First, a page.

“All Christians are bound to practice these virtues, Sisters, but Daughters of Charity are obliged to practice them in a special way. ‘But, Monsieur, you’ll say to me, don’t we have to practice all the other virtues?’ Yes, you do, but you have to practice these three especially; heaven and earth call you to this. […] It’s God’s Will that the Daughters of Charity devote themselves particularly to the practice of humility, charity, and simplicity.” (CCD IX, conference 51).
Vincent de Paul
- Let’s start at the end, and from there, maybe we’ll see the whole picture. “It’s God’s Will that the Daughters of Charity devote themselves particularly to the practice of humility, charity, and simplicity.” He was right saying what he says, and telling the virtues of the Daughters from the virtues of the missionaries from the Congregation of the Mission. Let us be reminded that he replaced charity for meekness, mortification and zeal for the Congregation of the Mission.
- All together, they make a beautiful sum of six virtues. We can even group them in two directions: one interior (meekness-humility-simplicity) and the other more to the external (charity-mortification-zeal). All are associated in an inseparable whole. The first group strengthens the mood, the latter deploy it. The first ones without the second ones would parch quickly; the latter without the first would lose their reason for being. Both gropus feed each other to carry out the Mission.
- And they are “virtues” proper for Vincentians (of course, many others coincide in one way or another). It is fair to say that they are “proper” rather than “property;” they are just as evangelical as several others virtues, but together, in a special way, they make up the being and work of all Vincentians.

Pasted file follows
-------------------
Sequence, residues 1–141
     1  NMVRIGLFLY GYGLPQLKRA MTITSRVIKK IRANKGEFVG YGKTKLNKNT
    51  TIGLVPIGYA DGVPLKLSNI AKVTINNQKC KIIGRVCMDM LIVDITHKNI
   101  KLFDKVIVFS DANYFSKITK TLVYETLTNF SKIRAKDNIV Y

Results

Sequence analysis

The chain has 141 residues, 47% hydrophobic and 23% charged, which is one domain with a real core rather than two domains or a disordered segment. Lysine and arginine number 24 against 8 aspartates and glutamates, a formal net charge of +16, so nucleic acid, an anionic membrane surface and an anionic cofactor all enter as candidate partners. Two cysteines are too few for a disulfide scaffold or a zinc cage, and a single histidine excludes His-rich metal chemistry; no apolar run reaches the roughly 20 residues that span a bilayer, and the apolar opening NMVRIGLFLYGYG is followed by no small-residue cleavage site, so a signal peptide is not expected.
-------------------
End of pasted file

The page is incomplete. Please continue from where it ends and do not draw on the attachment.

- Living and deploying this broad “program” is a matter of a lifetime (and even more). Therefore, I dare to bring to light another virtue that, in my opinion, is a fundamental energy source: patience. We will agree to the need to get a good dose of this in order to acquire and live the virtues mentioned above. We will agree that this is a difficult and complex journey. In fact, few reach it with a fairly acceptable level…
- A vital journey that resembles an “exatlhon” (six tests); we choose to improve those that we have more “weak,” with a view to overcome. It would be utopia the pretension to embrace them all at the same time and with the same intensity. In addition to intelligence, we need patience to design, deploy, evaluate and revise over and over … holiness has a lot of “insistence” on oneself and on God.
Questions for dialogue:
- To what extent do we agree with the objection raised by the Sisters?
- Is our life enlivened by these virtues?
- Do we have an “improvement plan”?
- Are the Vincentian “virtues” visible in our works?
- What are the main “threats” against these virtues?
Mitxel Olabuenaga, C.M.